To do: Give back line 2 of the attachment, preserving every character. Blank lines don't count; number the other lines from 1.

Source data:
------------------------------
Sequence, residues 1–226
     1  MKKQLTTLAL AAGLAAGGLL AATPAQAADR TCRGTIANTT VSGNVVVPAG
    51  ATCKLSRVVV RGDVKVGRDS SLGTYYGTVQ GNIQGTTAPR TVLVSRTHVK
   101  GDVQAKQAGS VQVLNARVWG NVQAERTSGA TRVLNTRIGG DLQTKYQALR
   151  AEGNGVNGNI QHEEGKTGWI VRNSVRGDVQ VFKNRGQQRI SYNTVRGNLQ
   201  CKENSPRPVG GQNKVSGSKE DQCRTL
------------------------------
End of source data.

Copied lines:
     1  MKKQLTTLAL AAGLAAGGLL AATPAQAADR TCRGTIANTT VSGNVVVPAG